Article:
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“Do’s” and “Don’ts” of an Estate Sale

 Posted by Jodie Anderson on November 3, 2014 at 6:24 PM

“Do’s” and “Don’ts” of an Estate Sale

One of the challenges consumers face when moving to a smaller space is trying to determine what to do with their downsized possessions.  Today there are more options than ever, including charitable donations, live auctions, online auction sites, tag sales, traditional garage sales and Estate Sales.

For people who have a fair amount of valuable inventory but not a lot of time, an Estate Sale can be a very positive experience.  Estate Sales are run by professionals, who, for an administrative fee and/or a percent of total sales, manage everything for you, including decluttering, home inventory, heavy lifting, pricing, advertising, marketing, and set up. After the sale, qualified experts such as Caring Transitions can also help with move management or help organize clean up, donations, transport or shipping and reconciliation of sales receipts.

DO follow these guidelines

  • Ask for references from any company you employ. You may even want to attend another sale they are holding and see how smoothly it runs. Always use a professional company who is in the business of running Estate Sales.
  • Ask if the company carries liability insurance for business operations and the merchandise they sell, as well as personal injury liability coverage and importantly, workers compensation for employees.
  • Hire the specialist you feel you can trust and discuss payment methods before the contract is signed. Some specialists charge an administrative fee or “minimum” to prepare the sale and others include those same fees in their commissions.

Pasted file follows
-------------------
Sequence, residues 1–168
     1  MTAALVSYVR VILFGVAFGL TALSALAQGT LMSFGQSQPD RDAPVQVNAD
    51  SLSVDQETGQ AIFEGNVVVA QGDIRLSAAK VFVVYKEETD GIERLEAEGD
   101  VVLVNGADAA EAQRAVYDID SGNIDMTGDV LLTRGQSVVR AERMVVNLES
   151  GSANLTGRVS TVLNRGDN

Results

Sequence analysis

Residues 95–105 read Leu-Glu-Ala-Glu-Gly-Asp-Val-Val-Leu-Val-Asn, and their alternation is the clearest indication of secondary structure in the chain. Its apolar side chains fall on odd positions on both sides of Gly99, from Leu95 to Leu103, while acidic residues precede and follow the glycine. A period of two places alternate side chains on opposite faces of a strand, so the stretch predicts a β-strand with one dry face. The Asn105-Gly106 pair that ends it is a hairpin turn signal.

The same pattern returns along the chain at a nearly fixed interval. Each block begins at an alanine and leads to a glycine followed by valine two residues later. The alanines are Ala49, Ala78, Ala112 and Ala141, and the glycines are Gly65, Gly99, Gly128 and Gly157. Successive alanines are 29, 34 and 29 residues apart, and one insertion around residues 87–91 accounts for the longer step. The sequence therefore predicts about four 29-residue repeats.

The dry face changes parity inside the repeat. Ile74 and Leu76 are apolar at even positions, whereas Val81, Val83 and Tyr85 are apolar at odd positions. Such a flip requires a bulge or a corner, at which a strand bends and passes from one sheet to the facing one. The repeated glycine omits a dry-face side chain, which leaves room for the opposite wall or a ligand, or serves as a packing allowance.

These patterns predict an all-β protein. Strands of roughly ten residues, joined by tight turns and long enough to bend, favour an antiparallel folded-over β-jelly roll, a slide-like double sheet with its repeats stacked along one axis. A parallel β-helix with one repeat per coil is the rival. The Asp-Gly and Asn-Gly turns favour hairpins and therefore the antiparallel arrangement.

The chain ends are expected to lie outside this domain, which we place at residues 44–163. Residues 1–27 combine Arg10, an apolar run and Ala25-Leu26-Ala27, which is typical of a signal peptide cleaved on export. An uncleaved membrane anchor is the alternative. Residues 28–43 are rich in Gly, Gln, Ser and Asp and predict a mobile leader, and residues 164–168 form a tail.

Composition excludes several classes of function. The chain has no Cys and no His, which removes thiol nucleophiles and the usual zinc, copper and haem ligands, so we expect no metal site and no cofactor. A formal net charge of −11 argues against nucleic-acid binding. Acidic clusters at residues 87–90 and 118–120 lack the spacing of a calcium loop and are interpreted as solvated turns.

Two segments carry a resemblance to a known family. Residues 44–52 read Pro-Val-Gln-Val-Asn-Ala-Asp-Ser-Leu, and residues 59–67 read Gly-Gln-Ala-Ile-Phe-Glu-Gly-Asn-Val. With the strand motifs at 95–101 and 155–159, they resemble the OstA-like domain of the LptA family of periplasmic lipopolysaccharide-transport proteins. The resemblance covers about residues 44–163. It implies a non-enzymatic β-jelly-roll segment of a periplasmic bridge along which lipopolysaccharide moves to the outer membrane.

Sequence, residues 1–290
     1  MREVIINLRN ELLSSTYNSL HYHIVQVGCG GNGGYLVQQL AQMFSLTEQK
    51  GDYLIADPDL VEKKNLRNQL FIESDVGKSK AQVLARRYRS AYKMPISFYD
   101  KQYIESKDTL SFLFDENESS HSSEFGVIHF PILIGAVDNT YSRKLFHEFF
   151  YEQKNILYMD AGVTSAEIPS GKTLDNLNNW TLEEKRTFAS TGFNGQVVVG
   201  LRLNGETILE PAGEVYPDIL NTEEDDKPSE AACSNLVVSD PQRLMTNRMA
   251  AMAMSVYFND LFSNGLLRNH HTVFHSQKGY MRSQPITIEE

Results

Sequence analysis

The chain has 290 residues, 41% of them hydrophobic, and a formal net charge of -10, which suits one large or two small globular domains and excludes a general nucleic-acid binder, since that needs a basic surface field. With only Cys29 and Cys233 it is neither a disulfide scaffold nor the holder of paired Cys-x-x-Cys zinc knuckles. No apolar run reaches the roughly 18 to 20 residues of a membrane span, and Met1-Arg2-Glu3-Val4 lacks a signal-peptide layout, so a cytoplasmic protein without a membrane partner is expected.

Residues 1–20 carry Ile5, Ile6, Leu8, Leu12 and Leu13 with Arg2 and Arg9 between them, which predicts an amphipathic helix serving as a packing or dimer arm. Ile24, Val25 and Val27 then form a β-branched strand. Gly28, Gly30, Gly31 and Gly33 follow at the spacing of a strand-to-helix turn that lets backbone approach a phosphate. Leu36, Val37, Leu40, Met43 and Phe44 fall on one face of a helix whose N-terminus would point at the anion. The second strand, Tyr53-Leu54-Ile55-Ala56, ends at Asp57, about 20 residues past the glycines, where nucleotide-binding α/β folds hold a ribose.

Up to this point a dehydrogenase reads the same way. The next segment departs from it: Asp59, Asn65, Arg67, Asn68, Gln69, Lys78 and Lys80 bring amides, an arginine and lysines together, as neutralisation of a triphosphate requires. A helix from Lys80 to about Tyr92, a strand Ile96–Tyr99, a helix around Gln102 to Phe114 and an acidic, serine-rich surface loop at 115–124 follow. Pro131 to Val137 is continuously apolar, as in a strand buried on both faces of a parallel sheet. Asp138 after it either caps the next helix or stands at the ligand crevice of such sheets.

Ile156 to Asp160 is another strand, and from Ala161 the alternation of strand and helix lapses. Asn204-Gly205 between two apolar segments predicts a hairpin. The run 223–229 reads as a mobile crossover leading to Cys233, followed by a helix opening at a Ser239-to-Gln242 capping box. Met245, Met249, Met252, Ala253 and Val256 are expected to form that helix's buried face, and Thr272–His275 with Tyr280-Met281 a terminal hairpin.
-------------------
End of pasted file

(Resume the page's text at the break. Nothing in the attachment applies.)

• Understand that choosing a lower commission percentage does not necessarily mean you will make more money. A skilled professional, with a list of buyers, may make you more money even while charging a higher percentage.
  • Understand it can take days or even a couple weeks to prepare for a sale. Preparation includes, sorting, cleaning, pricing, tagging, merchandising the sale, advertising, arranging for labor and security and selling.
  • Be sure you receive an itemized list of the items in the sale and items sold, after the sale.
  • Discuss the specialist’s process for turning over hidden valuables or personal items found during the sorting process.
  • Allow the specialist to clean the items. Some items are delicate and cleaning may result in damage to valuables.
  • Understand that age does not always equal value in an item. Authenticity is the true guide to value and the item also has to hold its value in today’s market. Your specialist has many resources to help them determine value of special items.
  • Be sure to reserve the items your family wishes to keep and make sure everyone has a list of those items so they are not included in the sale or sales contract.
  • DON’T allow inexperienced or unprofessional people run your sale. This rarely, if ever, produces optimal results and may cost more in the long run as they will have to purchase materials and displays, buy extra advertising, purchase signage and take the time to research prices. The result is usually something like a failed garage sale, leaving you with a lot of unsold items and very little to show for the items that did sell.
  • DON’T be discouraged if an Estate Sale isn’t right for you! Caring Transitions can offer many options to help liquidate, sell, and auction your belongings!

You may also like: Decluttering: Let it Go!

Decluttering: How to “Let it Go!”

 Posted by Jodie Anderson on October 3, 2014 at 2:20 PM

Decluttering: How to “Let it Go!”

At Caring Transitions, we believe “Rightsizing is the art of downsizing with a purpose™”